“The prevalence of obesity was significantly lower in cannabis users than in nonusers.”
—American Journal of Epidemiology, Oxford University Press, August, 2011
So concluded researchers from the first large-scale study of marijuana use and obesity. They analyzed data from 50,000 U.S. adults, controlled for participants’ sociodemographic characteristics (age, education, ethnicity, etc.), and found a marked difference in obesity rates: less than 17% among cannabis users versus 25% among nonusers, and the most frequent smokers (3X per week or more) were the slimmest of them all.
The study pretty much turns on its ear everything you thought you knew about the munchies. And there have been others:
- a 2013 study from the Harvard School of Public Health, published in the American Journal of Medicine shows that pot smokers, on average, have smaller waists and higher levels of ‘good’ cholesterol than non-pot smokers. Again, the biggest winners were the heaviest users.
- The research journal Obesity published a study this year linking lower body mass index and lower insulin levels, both markers for diabetes, with cannabis use.
- The British Medical Journal reports that current abstainers who merely have a history of marijuana use are at a lower risk of contracting type 2 diabetes than those with no history of cannabis consumption.
Can you think of a more counterintuitive diet aid than marijuana?
The munchies are a well-documented phenomenon. Rigorous, double-blind, controlled studies only confirm what generations of stoners and chemotherapy patients know: smoking weed makes you hungry. And not regular hungry but craving food of the sweet, salty, or fatty variety. Marijuana perks up the taste and hunger receptors in your brain and body; flavors are heightened on the tongue as happy-making mood compounds course through your body, and your brain craves more, more, more. It’s why even brownies made from a boxed mix will taste so damn good when you’re stoned.
Actually, marijuana isn’t all that far-fetched as a diet aid.
For starters, obesity researchers know that a diet of foods laden with concentrated sugars and refined starches can act on the brain in much the same way. Chronic overeaters are essentially looking to stimulate the same reward centers as marijuana smokers. Basically, cannabis users are less inclined to overindulge in food in that way because they already have their own high.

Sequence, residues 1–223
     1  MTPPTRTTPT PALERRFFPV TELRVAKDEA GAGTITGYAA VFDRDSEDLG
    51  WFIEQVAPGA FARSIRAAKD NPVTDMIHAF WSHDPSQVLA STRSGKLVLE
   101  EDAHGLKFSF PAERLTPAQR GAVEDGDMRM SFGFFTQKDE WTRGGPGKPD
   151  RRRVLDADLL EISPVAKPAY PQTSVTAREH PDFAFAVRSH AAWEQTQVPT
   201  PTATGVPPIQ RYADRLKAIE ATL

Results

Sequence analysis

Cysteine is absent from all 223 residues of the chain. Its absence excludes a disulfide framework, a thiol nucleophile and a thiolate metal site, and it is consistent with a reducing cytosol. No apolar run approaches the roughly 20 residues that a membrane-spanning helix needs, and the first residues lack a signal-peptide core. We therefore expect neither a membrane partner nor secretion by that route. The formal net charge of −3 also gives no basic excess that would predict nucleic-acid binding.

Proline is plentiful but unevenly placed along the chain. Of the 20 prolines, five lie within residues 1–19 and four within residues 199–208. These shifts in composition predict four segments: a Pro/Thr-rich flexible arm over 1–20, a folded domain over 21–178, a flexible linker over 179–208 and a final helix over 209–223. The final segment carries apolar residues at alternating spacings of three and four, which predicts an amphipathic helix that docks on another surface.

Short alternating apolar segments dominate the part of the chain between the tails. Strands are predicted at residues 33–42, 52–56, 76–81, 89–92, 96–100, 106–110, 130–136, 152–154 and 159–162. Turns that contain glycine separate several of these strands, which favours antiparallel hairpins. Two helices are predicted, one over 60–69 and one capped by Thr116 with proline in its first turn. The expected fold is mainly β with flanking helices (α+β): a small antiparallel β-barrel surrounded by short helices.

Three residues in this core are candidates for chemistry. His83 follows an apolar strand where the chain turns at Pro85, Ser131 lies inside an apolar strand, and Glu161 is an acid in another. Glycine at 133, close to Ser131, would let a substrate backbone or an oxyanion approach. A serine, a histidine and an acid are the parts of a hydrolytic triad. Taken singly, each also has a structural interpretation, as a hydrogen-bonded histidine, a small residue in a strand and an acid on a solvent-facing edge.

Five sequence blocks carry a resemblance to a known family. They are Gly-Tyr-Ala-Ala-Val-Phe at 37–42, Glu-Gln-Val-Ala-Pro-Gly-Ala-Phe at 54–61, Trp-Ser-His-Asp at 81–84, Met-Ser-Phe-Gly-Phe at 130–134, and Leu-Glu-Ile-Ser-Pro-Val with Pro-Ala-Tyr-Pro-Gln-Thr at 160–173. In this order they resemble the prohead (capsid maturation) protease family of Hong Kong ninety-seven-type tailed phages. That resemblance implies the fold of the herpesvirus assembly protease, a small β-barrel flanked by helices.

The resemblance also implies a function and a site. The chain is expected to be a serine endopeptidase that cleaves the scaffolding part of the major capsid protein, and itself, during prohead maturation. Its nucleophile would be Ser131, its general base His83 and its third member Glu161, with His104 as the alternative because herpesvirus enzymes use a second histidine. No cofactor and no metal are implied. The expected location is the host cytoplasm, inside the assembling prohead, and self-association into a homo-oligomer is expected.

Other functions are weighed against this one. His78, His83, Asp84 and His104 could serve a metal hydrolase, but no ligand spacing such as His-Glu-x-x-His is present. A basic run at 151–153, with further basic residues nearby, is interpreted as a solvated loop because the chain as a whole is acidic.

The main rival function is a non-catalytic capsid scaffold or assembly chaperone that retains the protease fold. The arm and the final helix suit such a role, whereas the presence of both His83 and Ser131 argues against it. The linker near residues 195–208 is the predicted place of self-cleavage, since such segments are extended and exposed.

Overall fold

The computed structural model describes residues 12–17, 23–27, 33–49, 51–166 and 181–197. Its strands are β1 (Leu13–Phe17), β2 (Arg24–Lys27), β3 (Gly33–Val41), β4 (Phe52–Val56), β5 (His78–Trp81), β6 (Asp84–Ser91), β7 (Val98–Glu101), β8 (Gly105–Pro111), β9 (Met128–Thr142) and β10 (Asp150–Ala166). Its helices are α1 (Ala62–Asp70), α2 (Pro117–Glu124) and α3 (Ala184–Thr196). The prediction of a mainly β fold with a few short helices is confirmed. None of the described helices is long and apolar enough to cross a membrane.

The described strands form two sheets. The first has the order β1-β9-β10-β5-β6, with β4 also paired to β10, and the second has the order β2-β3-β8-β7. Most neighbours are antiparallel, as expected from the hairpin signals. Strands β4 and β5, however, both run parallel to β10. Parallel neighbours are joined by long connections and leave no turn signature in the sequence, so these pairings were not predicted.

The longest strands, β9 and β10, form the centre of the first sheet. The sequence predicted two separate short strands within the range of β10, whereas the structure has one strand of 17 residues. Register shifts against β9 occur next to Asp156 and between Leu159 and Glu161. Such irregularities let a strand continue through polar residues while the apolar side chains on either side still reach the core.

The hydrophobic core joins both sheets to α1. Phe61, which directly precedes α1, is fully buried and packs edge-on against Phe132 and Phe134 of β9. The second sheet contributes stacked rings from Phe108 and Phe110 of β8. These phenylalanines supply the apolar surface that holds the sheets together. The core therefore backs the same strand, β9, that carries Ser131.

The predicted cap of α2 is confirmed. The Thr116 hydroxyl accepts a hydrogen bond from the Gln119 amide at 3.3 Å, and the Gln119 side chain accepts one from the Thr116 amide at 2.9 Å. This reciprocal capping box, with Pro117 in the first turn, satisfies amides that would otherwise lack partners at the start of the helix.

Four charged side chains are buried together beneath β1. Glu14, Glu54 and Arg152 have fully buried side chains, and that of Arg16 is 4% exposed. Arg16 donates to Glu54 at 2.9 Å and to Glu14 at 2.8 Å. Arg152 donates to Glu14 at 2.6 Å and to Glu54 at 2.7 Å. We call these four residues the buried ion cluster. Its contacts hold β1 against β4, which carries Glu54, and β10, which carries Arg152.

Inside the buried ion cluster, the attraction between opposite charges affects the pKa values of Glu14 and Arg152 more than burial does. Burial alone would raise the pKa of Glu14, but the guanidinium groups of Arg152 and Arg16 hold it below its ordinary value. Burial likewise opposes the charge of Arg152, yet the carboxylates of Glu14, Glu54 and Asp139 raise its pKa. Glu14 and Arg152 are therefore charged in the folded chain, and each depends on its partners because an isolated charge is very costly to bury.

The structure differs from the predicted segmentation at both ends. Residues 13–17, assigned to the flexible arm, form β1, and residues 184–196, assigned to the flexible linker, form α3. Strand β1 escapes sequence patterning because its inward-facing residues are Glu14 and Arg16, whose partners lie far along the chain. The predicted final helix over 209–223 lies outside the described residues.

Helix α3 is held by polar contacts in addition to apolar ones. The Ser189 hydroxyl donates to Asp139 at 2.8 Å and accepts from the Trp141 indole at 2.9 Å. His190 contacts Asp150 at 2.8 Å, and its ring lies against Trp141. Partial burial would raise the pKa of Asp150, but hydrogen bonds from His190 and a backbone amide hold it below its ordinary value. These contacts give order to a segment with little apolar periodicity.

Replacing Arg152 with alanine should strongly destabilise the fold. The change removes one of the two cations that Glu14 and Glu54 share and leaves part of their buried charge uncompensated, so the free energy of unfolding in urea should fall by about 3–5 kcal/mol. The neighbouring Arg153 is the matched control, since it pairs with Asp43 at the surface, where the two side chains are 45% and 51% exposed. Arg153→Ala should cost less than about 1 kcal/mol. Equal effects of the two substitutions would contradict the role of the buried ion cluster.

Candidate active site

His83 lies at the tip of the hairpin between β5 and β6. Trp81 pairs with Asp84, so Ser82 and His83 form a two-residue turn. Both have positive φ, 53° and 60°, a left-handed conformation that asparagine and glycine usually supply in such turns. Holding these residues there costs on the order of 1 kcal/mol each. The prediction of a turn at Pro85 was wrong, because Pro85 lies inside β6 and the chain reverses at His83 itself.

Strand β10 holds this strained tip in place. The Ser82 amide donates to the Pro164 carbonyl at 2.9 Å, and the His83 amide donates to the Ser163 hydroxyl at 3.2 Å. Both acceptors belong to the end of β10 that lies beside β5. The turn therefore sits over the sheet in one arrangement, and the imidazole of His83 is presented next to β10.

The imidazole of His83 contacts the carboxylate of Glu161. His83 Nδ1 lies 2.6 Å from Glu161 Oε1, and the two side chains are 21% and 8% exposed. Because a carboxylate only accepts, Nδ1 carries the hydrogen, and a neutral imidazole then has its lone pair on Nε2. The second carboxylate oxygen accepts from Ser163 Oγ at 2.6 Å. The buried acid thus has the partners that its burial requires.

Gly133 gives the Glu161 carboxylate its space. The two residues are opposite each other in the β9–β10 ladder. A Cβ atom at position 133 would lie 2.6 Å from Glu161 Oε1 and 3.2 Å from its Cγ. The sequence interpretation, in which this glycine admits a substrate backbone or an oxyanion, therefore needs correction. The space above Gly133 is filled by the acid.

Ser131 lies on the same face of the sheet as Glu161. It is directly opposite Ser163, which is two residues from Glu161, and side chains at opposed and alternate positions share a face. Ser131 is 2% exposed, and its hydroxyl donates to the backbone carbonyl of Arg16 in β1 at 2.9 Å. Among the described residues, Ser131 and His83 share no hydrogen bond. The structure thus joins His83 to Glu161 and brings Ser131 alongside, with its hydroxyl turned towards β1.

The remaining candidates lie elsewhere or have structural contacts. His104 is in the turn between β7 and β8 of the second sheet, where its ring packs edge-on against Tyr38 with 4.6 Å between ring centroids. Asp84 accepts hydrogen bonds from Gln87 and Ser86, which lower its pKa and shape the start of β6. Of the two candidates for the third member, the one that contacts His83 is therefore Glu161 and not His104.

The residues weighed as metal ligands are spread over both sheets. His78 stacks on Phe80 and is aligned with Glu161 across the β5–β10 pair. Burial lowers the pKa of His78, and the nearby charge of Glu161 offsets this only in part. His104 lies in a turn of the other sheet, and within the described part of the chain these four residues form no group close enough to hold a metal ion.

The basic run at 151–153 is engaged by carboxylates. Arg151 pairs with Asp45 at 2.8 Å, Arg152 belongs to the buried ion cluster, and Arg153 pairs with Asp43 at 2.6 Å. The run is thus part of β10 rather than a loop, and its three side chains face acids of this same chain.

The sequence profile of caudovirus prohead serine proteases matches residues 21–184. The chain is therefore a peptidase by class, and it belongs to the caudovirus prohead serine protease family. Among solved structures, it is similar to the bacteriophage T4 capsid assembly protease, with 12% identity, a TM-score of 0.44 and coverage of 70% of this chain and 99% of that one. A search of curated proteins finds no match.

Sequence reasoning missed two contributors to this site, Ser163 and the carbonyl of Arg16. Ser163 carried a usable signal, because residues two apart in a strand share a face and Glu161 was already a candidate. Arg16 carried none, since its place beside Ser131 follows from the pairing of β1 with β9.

An easy benefit to understand is the impact of body temperature on weight regulation. Cannabis elevates the body’s core temperature and increases blood flow. The effect on the metabolism is similar to what happens during exercise—metabolic processes speed up and burn off more calories, and continue to do so for an hour or two after smoking—seemingly enough to counteract the munchies and then some. Less is understood about marijuana’s role in regulating the body’s blood sugar levels and insulin, but trial data has many in the medical community convinced that a marijuana derivative will someday be part of the everyday health regimen for people with diabetes.
Marijuana just might be the antidote to the national obesity epidemic.
Researchers from San Diego State University and Cornell University, publishing in last month’s journal of Health Economics, found that when a state passes a medical marijuana law, the probability of obesity drops by 2 to 6 percent and generates savings in obesity-related medical costs of $58 to $115 per citizen, per year. As compelling as the evidence might be, it’s nearly impossible to fund and conduct research and drug trials as long as marijuana remains an illegal substance on the national level.